At DTP, we talk to Registered Providers on a daily basis, and there’s one topic of conversation which seems to be cropping up a lot lately: asset management. Many organisations are approaching us for advice on making their assets work better for them. How can we ‘sweat our assets’ is a question we’re asked a lot of late.
How to get more value from your property portfolio is rising up many people’s ‘to do list’. It’s just one part of a growing focus on efficiency savings, as organisations wrestle with some of the challenges forced upon them by reduced rental income, welfare changes and the loss of grant for building new rented homes.
The emphasis is understandably on the homes which RPs already own and manage – the core housing assets where much of the value of their organisation lies.
But in the last six months, almost every RP we have worked with has also been undertaking a review of its office accommodation – and how staff work. I’m seeing encouraging signs that many RPs are ‘getting’ this and are starting to rethink how this part of their asset base can be re-designed to work harder and smarter.
Here’s a few things I’ve noticed in respect of ‘non-core housing’ asset management:
Many RPs are shutting area and regional offices where these are no longer economic. This is in part running alongside a ‘channel shift’ in the way associations engage with customers. The move is away from face-to-face and in some cases even telephone, in favour of online interaction. Cost benefit analysis of these options is throwing up some interesting data. For example, one RP told us they had estimated every face-to-face visit with a customer at a public office cost them £14.
Closing offices, where it’s feasible, saves money whether you rent or own the property. The former takes a chunk of outgoings (rent) off the expenses spreadsheet, while selling an office you own, of course, gives you a capital boost which can be invested in new homes. An alternative, if you own the asset, is to rent it out commercially and create a new revenue stream.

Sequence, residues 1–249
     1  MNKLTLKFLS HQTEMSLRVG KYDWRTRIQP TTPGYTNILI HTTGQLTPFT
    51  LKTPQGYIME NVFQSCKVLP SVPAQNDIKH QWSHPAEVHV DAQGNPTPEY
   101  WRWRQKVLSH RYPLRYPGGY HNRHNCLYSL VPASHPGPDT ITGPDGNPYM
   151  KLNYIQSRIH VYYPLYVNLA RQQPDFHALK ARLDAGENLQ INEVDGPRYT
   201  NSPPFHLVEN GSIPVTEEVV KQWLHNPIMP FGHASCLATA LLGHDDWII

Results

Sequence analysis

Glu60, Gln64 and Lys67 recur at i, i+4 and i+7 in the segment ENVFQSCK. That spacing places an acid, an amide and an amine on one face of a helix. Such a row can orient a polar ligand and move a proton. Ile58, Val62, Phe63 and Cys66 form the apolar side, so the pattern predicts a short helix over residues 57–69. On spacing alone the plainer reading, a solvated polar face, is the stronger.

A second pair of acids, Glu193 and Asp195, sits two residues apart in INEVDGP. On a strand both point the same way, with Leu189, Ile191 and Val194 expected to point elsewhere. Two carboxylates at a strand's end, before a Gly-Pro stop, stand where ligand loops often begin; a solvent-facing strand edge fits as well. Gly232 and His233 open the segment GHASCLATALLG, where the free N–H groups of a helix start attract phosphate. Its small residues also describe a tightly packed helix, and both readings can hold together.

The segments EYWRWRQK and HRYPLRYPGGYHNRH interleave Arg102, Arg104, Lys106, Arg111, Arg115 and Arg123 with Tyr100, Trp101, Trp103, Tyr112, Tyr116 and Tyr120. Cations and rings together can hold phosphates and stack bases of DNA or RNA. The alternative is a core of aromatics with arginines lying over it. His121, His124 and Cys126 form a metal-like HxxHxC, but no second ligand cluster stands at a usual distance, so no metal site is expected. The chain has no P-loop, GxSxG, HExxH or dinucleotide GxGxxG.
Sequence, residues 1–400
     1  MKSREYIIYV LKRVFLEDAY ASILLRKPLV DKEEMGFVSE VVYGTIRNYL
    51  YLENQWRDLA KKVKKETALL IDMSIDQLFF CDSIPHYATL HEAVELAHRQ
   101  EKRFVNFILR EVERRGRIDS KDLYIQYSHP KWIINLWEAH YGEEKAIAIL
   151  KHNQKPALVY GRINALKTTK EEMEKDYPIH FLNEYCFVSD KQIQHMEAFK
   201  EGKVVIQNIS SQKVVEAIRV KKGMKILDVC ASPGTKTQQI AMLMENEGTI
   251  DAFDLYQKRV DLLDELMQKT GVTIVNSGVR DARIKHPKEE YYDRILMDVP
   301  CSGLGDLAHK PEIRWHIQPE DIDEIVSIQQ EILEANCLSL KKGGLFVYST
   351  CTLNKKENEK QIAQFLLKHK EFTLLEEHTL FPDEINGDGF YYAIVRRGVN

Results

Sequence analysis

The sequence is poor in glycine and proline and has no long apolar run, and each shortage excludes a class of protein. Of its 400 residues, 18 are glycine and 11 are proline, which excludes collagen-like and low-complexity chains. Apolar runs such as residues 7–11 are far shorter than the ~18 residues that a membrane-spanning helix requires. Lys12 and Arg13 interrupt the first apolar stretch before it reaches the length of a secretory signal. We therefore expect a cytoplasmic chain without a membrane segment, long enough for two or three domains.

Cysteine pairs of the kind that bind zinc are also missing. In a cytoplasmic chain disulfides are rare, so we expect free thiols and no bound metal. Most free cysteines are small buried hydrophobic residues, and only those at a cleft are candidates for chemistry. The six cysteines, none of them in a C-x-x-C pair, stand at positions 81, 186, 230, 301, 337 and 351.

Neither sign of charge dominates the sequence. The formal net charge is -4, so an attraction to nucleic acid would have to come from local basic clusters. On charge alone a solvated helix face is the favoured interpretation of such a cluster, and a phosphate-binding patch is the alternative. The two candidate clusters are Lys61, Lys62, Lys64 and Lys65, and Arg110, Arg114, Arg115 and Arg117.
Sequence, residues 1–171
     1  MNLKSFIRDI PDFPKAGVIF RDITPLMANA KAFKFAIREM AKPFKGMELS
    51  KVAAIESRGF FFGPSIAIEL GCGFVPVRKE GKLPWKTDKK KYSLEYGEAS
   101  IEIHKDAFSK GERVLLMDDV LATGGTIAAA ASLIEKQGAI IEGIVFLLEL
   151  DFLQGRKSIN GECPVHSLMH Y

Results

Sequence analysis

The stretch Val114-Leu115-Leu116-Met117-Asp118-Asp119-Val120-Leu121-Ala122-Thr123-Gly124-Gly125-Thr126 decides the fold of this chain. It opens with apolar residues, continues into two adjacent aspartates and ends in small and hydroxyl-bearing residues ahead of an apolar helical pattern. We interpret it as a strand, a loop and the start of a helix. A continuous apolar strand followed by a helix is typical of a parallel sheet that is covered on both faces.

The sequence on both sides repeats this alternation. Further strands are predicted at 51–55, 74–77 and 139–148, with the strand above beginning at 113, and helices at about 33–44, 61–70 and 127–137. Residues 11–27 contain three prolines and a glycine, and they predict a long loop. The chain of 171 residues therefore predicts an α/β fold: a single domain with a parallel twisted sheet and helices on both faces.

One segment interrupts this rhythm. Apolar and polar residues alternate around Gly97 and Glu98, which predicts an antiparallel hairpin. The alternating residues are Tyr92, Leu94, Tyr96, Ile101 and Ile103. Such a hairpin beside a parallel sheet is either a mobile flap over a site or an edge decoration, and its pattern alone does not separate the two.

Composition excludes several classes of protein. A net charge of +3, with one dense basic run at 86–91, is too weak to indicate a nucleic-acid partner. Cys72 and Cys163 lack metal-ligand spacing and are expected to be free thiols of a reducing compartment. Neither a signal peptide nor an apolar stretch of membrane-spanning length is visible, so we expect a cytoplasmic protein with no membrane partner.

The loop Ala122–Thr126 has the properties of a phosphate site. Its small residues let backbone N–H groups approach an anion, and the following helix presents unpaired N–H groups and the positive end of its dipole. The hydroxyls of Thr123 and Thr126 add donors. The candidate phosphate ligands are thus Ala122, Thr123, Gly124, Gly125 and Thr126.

Mobile-enabling staff is the other trend we’ve noticed. This means getting staff out of the office and working remotely in communities, on estates and/or at home. This really can be a win-win for employees, organisations and customers if done properly. And ultimately, it can reduce your need for office space, helping you to further drive down costs.
In some respects, this requires a culture change from managers. It is far from being universally embraced at present. Many managers tell me, “if I can’t see staff, I don’t know they are working.” This is what has to change and requires a complete rethink of performance management to focus on outcomes and outputs. The days of 9-5, office-based working for many housing staff may be numbered. And there are many roles which could thrive from a different way of working.
The benefits of flexible working have to be sold to staff. Do you need to take a couple of hours out of the day for the school run? With flexible working you can do that. You can then put a couple of hours of work in during the evening chasing rent arrears – at a time when you are more likely to find tenants at home. It’s another win-win.
When staff do need to go into the office, they are more likely in the future to use a ‘hot desk’ station than a dedicated work space. Also, what’s there not to like about taking the commute out of the working day?
For staff, it’s the shift in emphasis to outcomes which will really drive change. There needs to be a change in thinking that moves beyond the traditional office-based working day. Lowering rent arrears, reducing anti-social behaviour, bearing down on re-let times – these have to be the things we focus on, not where our staff are at every hour of the day. Is the job getting done, and is it getting done well, have to be the critical questions asked by managers in the future.
Taken together, these new approaches offer enormous potential for RPs to overcome some of the many challenges they currently face. They show it is possible to have a better run organisation, whose assets work better for the business, its people and its customers – by rethinking our whole approach to assets. In a world of opportunities and threats – I’d surely see this is an example of the former.